Institutional Presidency and National Development

Part of the The Political Economy of the Asia Pacific book series (PEAP, volume 13)


In the process of the rapid development in Korea during the past six decades, the state administration played a leading role and, by its nature, the president's executive leadership has been one of the most important factors. This chapter analyzes the changes in, and continuity of, the institutional characteristics of the presidential executive leadership, focusing on its practices reflecting public values such as political accountability, democratic responsiveness, the neutral competitiveness of administrative bureaucracy, policy capabilities, and so on.


Prime Minister Executive Branch Democratic Transition Executive System Executive Leadership 
These keywords were added by machine and not by the authors. This process is experimental and the keywords may be updated as the learning algorithm improves.


  1. Aberbach, J. D. (1990). Keeping a watchful eye: the politics of congressional oversight. Washington, DC: Brookings Institution.Google Scholar
  2. Board of Audit and Inspection. (2008). 60-year history of the Board of Audit and Inspection of Korea. Seoul: Board of Audit and Inspection.Google Scholar
  3. Burke, J. P. (1992). The institutional presidency. Baltimore: The Johns Hopkins University Press.Google Scholar
  4. Campbell, C., & Szablowski, G. J. (1979). The superbureaucrats: structure and behavior in central agencies. Toronto: MacMillan of Canada.Google Scholar
  5. Cho, S. J., & Im, T. B. (2010). Organization theory of Korean public administration (in Korean). Pajoo: Bobmoonsa.Google Scholar
  6. Chung, C. K. (1994). Economic leadership of the presidents of Korea (in Korean). Seoul: Korea Economic Daily.Google Scholar
  7. Dickinson, M. J. (1997). Bitter harvest: FDR, presidential power and the growth of the presidential branch. New York: Cambridge University Press.Google Scholar
  8. Dunleavy, P., & Rhodes, R. A. W. (1990). Core executive studies in Britain. Public Administration, 68(1), 3–28.CrossRefGoogle Scholar
  9. Finer, H. (1941). Administrative responsibility in democratic government. Public Administration Review, 1(4), 335–350.CrossRefGoogle Scholar
  10. Goodsell, C. T. (2004). The case for bureaucracy: a public administration polemic (4th ed.). Washington, DC: Congressional Quarterly Press.Google Scholar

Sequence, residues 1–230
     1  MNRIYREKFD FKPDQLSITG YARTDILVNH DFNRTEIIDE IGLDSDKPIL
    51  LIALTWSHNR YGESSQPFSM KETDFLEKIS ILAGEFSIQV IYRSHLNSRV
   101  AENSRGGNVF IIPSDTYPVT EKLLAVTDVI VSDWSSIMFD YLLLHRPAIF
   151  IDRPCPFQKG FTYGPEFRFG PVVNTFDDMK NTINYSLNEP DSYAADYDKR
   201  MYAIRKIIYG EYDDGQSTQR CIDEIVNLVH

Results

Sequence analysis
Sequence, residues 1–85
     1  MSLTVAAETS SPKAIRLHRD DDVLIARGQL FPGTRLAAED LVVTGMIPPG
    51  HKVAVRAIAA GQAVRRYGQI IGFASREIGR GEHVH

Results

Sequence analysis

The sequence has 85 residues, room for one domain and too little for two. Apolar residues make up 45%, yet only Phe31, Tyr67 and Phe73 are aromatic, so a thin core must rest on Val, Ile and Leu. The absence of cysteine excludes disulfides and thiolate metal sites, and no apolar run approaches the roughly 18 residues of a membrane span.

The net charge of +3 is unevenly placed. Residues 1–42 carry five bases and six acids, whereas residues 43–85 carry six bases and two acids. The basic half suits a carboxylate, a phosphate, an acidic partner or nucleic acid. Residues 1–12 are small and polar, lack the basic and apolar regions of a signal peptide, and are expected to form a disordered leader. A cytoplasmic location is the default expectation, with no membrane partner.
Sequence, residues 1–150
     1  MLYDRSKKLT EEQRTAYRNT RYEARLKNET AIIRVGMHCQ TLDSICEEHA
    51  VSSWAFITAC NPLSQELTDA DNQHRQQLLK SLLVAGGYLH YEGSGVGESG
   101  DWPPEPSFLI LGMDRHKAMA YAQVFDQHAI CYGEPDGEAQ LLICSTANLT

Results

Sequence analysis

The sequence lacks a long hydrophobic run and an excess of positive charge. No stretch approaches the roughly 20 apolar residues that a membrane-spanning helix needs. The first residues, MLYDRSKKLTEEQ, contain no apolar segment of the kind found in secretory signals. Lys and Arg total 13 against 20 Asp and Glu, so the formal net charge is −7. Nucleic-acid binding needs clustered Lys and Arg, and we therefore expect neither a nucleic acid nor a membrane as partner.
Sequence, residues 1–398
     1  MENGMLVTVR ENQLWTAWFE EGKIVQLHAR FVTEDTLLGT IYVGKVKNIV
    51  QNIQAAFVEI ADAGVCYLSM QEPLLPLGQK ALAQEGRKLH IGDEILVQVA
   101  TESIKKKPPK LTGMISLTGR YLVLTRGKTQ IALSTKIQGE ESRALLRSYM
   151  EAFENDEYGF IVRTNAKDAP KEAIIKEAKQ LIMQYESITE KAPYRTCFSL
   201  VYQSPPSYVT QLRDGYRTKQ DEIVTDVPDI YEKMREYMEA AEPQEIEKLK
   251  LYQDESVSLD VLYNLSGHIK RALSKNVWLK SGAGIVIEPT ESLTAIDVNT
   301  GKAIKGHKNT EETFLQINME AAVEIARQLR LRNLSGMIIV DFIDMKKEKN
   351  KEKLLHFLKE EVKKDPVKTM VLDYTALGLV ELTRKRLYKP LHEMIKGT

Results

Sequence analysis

11. Ham, S. D. (1999). The Korean presidency (in Korean). Pajoo: Nanam.Google Scholar
  12. Han, S. (2010). Political resources and prime minister of partaker (in Korean). Unpublished doctoral dissertation, Seoul National University. Google Scholar
  13. Heclo, H. (1975). OMB and the presidency—the problem of “neutral competence”. The Public Interest, 38(Winter), 80–98.Google Scholar
  14. Hobbes, T. (1651). Leviathan. Edited with an Introduction by C.B. Macpherson, Harmondsworth: Penguin Classics, 1981.Google Scholar
  15. Huntington, S.P. (1991). The third wave: democratization in the late twentieth century. Norman: University of Oklahoma Press.Google Scholar
  16. Johnson, C. (1982). MITI and the Japanese miracle: the growth of industrial policy, 1925–1975. Stanford: Stanford University Press.Google Scholar
  17. Jung, Y.-D. (1996). Reforming the administrative apparatus in Korea: the case of the “civilian government”. International Review of Public Administration, 1(1), 253–290.Google Scholar
  18. Jung, Y.-D. (2004). The bureaucracy of the first republic of Korea. In J. Moon & S. Kim (Eds.), Korean history in the 1950s (in Korean) (pp. 127–164). Seoul: Sunin.Google Scholar
  19. Jung, Y.-D. (2005). Stateness in transition: the Korean case in a comparative perspective. Zeitschrift für Staats- und Europawissenschaften, 3(3), 410–433.CrossRefGoogle Scholar
  20. Jung, Y.-D. (2007). The challenges of public administration reforms in Japan and South Korea. In D. Argyriades, O.P. Dwivedi, J.G. Jabbra (Eds.), Public administration in transition: a fifty-year trajectory worldwide. Essays in honor of Gerald E. Caiden (pp. 119–141). London: Vallentine Mitchell.Google Scholar